A potential Democratic candidate who could challenge Republican Jake LaTurner in Kansas’ 2nd District has surfaced.
Patrick Schmidt, a former naval intelligence officer from Overland Park, has been making the rounds with Democrats in recent weeks as he discussed a bid for Congress.
Multiple sources have confirmed meetings or conversations with Schmidt, who is now in the U.S. Naval Reserves but worked in Naval Intelligence from about 2016 through 2021.
Most recently he was introduced as a congressional candidate at a fundraising reception for Gov. Laura Kelly by former Gov. Kathleen Sebelius, a source said.
The reception was held last week at the home of the daughter of former Democratic Party Chairman Larry Gates.
Schmidt would not discuss his potential candidacy when reached this week, nor would he discuss any personal biographical details.
It was unclear how far along he was in planning a campaign, although another Democratic source said it appeared he’s hired a campaign compliance officer.
Schmidt’s connection to the 2nd District wasn’t immediately clear, and it was also unknown how redistricting might affect his plans.
Before leaving the Navy, Schmidt worked as an intelligence watch officer for the Naval Undersea Research and Threat Analysis Center.
He also worked as a targeting analyst for the Joint Special Operation Task Force Arabian Peninsula where he led a counter-smuggling intelligence and cryptologic team supporting U.S. Central Command.
And he served aboard the U.S.S. Ronald Reagan aircraft carrier, where he worked as a division officer and a fleet intelligence watch officer.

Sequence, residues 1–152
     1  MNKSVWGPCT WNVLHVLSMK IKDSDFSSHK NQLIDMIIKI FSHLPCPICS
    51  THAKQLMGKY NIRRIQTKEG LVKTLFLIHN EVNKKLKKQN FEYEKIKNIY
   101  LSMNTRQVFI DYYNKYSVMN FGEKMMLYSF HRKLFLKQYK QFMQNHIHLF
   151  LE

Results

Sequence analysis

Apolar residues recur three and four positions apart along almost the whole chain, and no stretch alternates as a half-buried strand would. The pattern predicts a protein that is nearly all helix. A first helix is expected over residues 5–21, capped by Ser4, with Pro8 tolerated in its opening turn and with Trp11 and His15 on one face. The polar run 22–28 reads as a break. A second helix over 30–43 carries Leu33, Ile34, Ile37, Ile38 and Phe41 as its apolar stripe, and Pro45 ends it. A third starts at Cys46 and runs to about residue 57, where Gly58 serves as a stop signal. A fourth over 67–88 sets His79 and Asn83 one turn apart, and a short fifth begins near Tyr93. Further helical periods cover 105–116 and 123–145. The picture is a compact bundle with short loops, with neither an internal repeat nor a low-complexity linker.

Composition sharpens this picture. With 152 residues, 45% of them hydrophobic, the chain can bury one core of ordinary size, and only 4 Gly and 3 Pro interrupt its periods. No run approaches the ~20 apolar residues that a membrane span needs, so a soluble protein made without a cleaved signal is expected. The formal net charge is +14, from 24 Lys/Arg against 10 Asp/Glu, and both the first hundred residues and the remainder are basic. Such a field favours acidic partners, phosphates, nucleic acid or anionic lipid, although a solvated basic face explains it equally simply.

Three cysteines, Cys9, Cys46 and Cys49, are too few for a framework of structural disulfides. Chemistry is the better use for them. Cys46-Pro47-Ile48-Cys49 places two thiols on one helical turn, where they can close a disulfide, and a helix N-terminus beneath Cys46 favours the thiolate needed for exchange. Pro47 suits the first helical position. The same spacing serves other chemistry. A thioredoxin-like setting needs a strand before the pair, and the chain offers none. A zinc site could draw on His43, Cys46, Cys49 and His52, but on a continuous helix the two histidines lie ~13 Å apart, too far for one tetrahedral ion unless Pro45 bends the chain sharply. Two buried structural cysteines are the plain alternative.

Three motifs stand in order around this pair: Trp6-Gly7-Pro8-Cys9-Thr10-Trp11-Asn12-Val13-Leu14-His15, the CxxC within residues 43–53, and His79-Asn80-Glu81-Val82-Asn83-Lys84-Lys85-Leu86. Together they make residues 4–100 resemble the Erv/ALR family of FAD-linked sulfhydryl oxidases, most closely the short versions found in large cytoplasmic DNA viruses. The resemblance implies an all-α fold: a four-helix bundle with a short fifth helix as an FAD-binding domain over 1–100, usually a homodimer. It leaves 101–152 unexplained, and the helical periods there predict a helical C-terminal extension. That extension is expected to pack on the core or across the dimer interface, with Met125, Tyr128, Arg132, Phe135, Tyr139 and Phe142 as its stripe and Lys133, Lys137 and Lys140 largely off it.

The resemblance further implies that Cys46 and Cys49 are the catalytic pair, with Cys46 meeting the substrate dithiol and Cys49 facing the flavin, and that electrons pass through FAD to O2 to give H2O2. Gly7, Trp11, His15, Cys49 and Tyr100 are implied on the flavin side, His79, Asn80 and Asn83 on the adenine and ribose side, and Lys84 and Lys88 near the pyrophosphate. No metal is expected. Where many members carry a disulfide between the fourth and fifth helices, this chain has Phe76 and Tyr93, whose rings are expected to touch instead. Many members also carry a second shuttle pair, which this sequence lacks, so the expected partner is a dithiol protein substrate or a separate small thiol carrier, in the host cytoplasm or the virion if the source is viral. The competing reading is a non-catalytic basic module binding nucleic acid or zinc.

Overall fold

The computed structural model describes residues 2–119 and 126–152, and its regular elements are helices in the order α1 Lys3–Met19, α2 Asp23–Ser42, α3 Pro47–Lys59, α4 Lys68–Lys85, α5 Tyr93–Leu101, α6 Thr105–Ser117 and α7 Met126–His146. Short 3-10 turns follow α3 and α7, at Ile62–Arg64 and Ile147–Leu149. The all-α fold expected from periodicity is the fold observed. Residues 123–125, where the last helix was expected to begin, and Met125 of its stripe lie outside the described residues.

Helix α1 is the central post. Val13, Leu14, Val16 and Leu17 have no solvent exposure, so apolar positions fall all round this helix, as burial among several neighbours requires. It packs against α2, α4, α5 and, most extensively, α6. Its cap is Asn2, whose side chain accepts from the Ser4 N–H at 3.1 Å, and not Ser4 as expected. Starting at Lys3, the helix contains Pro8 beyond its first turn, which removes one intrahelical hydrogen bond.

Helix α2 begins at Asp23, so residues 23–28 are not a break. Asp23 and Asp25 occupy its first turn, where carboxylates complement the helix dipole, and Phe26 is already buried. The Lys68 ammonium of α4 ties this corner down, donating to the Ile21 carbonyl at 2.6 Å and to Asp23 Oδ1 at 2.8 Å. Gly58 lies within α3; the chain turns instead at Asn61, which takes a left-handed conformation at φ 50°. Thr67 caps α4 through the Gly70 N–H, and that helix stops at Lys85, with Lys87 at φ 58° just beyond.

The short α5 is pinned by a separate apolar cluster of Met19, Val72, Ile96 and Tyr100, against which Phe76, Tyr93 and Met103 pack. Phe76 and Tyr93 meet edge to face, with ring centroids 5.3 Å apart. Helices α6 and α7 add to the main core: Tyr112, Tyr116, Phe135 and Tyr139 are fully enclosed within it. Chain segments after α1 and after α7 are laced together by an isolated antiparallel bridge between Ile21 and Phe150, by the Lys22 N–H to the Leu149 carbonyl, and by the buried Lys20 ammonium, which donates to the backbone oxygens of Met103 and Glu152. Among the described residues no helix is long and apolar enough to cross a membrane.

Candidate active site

His work aboard the carrier included directing a multisource intelligence team providing air, surface and subsurface threat warnings for the carrier strike group.
He graduated in 2015 from Tufts University with a bachelor’s degree in international relations.
The Tufts Athletics Department website shows Schmidt ran cross country when he was in college.
The site lists his hometown as Overland Park and that he graduated from Shawnee Mission South High School.
After college, he worked in the economic and commercial section for the U.S. Embassy in Nicosia, Cyprus.
He later worked as a research assistant for the Iran Security Initiative for the Washington Institute for Near East Policy.
He authored about a half-dozen articles focusing on U.S. policy interests in the Middle East and analyzed Iranian media, government and the private sector for institute policy papers and affidavits.
The district poses an uphill climb for any Democratic candidate.
The Democrats have taken two cracks at the district with well-known and well-financed candidates who came up short.
Former House Minority Leader Paul Davis lost by less than a percentage point to Republican Steve Watkins in 2018.
And Topeka Mayor Michelle De La Isla lost by about 15 percentage points to LaTurner last year.
Republican voters far outnumber Democrats in a district that currently stretches from the northeast corner of Kansas at the Nebraska border to the southeast corner at the Oklahoma border.
There are now about 202,000 registered Republicans in the district compared to about 131,000 Democrats and about 137,000 unaffiliated voters.
The makeup stands to change after state lawmakers redraw election boundaries next year to account for shifts in population.
But as of right now, the district poses a challenge for Democrats, said Washburn University political scientist Bob Beatty.
“It’s a very, very difficult district for a Democrat,” Beatty said. “A number of things have to happen for it to be competitive. Those things aren’t happening right now.”
Beatty said an incumbent – think Watkins and his voter fraud charges – needs to make mistakes for the district to be more competitive.
He also said national forces need to come into play, something that might not help next year with a Democrat as president.
Beatty noted that in an off year, the party not in power tends to perform better, something that wouldn’t help a Democrat running for Congress next year.
“The Democrats can’t just have a good candidate who may be really in line with the district on the issues. It’s not enough,” he said.
“It’s Kansas. Democrats have to have a lot of things fall in line for them to be successful,” he said. “Every now and then it happens.”